The Dow rose 177 points yesterday, amid a flurry of gloomy headlines.
“New homes sales fall by record amount,” says the Associated Press , referring to the 26% drop in 2007.
In Florida, housing is in a ‘death grip,’ adds the Dallas Morning News .
And the whole U.S. economy “faces the guillotine,” is how Newsweek sums up the situation.
The big battle, as always, is between greed and fear. Greed pushes up prices. Fear drags them down.
As of yesterday, fear was winning.
“Fear stalks the markets,” says the Economist .
Yes, dear reader, fear – the force of deflation – is getting the headline coverage. Recession, say the papers, is either coming…or it is already here.
As we pointed out yesterday, when Mr. Market turns to fear…it is hard for Mr. Market Manipulator to stop him. Frightened investors have knocked down stocks – wiping out more than a trillion dollars worth of implied wealth. Frightened homeowners have sold off houses – taking nearly $2 trillion off the implied value of the U.S. housing stock. The subprime crisis is said to be taking out another half a trillion. A trillion here…a trillion there…
What can the forces of inflation do against these huge attacks? Mr. Politician has come forward with a plan to pump $150 billion back into the U.S. economy. Mr. Central Bank manager has cut rates by 75 basis points…and threatens to cut more.
But the problem, as the Financial Times so elegantly put it, is that the “credit orgy” is over. The liquor ran out. The music stopped. And someone called the cops. Bush and Bernanke show up with a few more bottles of booze, but the guests are already putting on their coats and fumbling for their car keys.
If we’re right, one of two things will follow:
If Mr. Market has his way, fear will dominate the market…and stocks will fall while gold stagnates.
If Mr. Market Manipulator prevails, greed will return…but not necessarily where he wants it. Stocks will stagnate while gold soars.
Most likely, each will have his victories and his defeats as the fortunes of this war shift back and forth.
We got a hint of which way things were going yesterday. The Dow rose, but the real action was in gold, which shot up $16, to a new record of $927. Analysts mentioned that the power went off in South Africa, putting the gold mines out of commission. But a healthy boom wouldn’t care…and investors wouldn’t have cared a few years ago. A healthy boom produces rising stock prices…leaving gold behind. This is no healthy boom at all. It is a fraudulent boom and investors know it, shifting their speculations from stocks to gold.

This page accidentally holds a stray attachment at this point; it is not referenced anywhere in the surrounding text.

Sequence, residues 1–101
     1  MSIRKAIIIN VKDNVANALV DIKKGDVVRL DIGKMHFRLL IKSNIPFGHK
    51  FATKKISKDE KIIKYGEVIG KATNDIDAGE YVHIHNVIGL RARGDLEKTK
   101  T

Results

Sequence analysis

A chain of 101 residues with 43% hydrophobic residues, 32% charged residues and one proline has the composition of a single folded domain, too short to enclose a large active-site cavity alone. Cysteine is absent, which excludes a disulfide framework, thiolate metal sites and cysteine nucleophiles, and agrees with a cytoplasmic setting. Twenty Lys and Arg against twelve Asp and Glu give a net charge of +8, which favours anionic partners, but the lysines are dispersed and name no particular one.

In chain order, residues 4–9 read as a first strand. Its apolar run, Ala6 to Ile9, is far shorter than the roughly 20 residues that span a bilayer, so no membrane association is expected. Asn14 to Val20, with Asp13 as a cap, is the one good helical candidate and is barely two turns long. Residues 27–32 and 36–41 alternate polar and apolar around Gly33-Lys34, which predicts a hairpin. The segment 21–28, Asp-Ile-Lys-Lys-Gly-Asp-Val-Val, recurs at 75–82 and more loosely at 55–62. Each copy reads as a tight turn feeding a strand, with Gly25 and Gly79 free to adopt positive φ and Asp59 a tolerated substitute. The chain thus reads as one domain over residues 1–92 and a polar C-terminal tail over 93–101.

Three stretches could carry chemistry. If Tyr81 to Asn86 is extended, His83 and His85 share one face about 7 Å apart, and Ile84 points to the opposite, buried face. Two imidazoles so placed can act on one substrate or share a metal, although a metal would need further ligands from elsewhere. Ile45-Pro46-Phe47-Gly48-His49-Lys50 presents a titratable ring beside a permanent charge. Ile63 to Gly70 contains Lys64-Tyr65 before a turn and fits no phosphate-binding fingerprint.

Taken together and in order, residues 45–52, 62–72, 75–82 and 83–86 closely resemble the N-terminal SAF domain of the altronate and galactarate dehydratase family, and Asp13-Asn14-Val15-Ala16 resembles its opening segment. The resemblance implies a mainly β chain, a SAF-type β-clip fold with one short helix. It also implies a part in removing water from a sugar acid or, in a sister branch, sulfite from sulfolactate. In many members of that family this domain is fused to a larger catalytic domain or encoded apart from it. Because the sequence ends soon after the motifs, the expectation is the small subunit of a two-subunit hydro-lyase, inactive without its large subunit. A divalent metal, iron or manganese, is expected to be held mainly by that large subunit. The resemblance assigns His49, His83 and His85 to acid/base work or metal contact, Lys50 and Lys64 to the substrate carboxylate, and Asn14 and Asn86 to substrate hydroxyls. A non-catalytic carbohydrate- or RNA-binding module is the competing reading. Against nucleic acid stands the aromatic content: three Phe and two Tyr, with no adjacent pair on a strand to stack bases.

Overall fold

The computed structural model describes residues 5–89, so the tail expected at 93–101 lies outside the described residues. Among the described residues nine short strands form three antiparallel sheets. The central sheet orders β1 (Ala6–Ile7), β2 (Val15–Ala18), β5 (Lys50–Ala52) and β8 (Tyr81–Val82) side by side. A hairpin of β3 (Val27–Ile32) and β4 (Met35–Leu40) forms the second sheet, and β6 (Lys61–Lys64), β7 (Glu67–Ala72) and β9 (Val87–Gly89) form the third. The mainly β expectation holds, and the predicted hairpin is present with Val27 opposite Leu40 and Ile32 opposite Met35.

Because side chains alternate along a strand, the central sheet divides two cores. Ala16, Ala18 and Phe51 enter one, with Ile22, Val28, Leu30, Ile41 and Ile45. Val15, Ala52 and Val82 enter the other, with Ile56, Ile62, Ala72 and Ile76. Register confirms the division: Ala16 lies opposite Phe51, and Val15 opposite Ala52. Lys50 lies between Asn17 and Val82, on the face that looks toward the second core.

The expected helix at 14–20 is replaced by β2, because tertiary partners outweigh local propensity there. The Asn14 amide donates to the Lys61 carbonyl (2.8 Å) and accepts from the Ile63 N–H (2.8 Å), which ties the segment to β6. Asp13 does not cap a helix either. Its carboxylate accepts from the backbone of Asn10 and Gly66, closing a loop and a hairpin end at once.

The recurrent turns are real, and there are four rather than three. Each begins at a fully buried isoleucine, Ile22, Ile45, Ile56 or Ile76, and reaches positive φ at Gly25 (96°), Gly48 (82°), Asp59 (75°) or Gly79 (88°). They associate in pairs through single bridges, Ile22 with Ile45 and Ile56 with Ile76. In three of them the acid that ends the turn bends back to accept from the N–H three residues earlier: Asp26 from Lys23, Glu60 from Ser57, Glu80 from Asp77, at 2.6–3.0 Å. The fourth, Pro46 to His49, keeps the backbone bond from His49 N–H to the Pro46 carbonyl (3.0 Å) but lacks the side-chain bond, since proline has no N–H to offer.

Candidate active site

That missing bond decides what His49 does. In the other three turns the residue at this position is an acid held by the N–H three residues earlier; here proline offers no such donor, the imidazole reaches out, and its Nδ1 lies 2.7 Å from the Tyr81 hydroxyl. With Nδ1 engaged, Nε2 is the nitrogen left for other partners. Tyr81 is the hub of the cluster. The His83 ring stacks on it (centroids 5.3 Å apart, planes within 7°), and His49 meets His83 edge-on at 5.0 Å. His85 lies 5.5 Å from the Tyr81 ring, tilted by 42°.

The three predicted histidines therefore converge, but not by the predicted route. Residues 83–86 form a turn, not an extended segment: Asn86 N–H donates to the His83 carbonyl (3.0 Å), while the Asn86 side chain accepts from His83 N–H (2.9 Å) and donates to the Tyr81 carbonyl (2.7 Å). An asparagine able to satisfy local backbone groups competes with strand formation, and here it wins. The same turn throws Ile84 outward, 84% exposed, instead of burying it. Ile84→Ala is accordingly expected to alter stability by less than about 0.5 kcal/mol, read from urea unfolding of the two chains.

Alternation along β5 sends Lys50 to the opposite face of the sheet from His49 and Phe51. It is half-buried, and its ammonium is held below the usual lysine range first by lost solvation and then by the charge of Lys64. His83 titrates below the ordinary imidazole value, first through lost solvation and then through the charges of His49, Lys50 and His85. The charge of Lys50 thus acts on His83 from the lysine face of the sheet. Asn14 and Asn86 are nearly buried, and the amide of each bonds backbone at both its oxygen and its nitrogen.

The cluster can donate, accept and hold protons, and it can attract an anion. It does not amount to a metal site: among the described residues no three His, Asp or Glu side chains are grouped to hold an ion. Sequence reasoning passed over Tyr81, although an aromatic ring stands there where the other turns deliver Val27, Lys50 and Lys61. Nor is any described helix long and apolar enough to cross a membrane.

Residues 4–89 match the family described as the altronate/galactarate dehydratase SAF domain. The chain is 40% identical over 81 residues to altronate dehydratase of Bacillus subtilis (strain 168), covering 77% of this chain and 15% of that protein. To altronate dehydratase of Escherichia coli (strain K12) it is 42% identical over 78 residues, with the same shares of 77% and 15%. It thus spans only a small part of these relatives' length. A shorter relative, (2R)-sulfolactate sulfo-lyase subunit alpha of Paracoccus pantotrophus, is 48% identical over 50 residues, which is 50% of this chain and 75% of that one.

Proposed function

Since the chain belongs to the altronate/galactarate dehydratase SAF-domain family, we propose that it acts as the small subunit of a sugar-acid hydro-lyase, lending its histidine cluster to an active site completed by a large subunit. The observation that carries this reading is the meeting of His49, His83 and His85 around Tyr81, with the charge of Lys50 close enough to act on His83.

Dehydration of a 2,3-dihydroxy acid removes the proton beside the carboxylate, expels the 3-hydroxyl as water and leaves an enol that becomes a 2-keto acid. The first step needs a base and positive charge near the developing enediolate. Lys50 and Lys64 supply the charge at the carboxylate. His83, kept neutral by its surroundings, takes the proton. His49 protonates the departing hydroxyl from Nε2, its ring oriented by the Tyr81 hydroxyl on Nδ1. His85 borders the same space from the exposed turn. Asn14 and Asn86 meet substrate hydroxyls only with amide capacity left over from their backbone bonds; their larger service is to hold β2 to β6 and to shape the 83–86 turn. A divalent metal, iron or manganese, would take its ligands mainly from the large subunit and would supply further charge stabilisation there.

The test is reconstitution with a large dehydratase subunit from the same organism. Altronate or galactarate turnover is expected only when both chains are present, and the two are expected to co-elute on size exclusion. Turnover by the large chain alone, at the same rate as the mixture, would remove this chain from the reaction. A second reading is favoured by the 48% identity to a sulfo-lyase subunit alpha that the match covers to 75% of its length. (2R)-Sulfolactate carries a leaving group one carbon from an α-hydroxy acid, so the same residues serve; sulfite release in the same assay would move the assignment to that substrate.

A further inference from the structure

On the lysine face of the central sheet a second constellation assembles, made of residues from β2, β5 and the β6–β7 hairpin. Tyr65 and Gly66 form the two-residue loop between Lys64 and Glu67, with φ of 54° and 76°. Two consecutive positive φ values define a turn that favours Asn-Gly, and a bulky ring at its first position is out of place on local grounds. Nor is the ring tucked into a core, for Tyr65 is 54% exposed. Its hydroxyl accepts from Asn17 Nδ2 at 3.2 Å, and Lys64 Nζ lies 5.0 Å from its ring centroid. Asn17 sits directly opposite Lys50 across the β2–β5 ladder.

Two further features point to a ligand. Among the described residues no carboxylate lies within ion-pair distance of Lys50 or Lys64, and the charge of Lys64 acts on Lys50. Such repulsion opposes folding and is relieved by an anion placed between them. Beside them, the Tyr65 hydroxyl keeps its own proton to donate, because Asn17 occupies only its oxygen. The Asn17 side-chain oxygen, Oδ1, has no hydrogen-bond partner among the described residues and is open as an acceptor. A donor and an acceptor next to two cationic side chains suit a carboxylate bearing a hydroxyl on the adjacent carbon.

Thus begins a new stage in the bull market in gold. Do you remember when we were able to buy gold around $300 an ounce – 7 years ago? It rose hesitantly, often giving back gains. People wondered if gold had not been made completely obsolete by sophisticated financial instruments. We at Markets and Money know better. With the decline of the dollar (and indeed the worthlessness of all paper currency) gold is one thing that will always have value.
If you’re worried about a bear market, buy some put options, said the experts. If you’re worried about depreciation of the dollar, buy euros. If you want protection against defaults, buy some swaps.
The experts could not imagine that a day would come when we’d be worried about the whole dollar-based financial structure… about the ability of the biggest banks to survive…and the capacity of the biggest Wall Street firms to make good on their obligations.
But here we are…and gold is rising. And now it goes up by $10…$15…$20 in a single day. And now people are starting to read about it in the papers. And people are starting to wonder how high the price will go…and where they can buy Krugerrands.
Yesterday, Peter Munk, CEO of the world’s largest gold miner, Barrick Gold, told the worthies at Davos that the bull market in gold had a ways to go. He said the price would go into the “$2,000 bracket” before it was over. We couldn’t agree more .
Markets and Money